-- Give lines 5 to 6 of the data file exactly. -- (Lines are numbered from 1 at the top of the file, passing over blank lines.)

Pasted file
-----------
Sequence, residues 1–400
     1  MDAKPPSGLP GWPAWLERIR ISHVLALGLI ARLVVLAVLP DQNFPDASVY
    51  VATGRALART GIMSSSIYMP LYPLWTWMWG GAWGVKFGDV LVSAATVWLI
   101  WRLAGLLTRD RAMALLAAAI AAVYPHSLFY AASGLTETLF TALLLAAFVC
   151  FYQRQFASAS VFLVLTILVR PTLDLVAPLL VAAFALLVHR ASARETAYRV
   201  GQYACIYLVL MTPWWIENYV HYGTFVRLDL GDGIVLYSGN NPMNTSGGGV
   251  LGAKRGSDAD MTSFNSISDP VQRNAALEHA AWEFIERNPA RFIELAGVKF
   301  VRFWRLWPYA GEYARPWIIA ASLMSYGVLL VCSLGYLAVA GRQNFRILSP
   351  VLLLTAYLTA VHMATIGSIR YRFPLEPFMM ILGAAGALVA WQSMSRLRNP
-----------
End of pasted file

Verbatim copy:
   151  FYQRQFASAS VFLVLTILVR PTLDLVAPLL VAAFALLVHR ASARETAYRV
   201  GQYACIYLVL MTPWWIENYV HYGTFVRLDL GDGIVLYSGN NPMNTSGGGV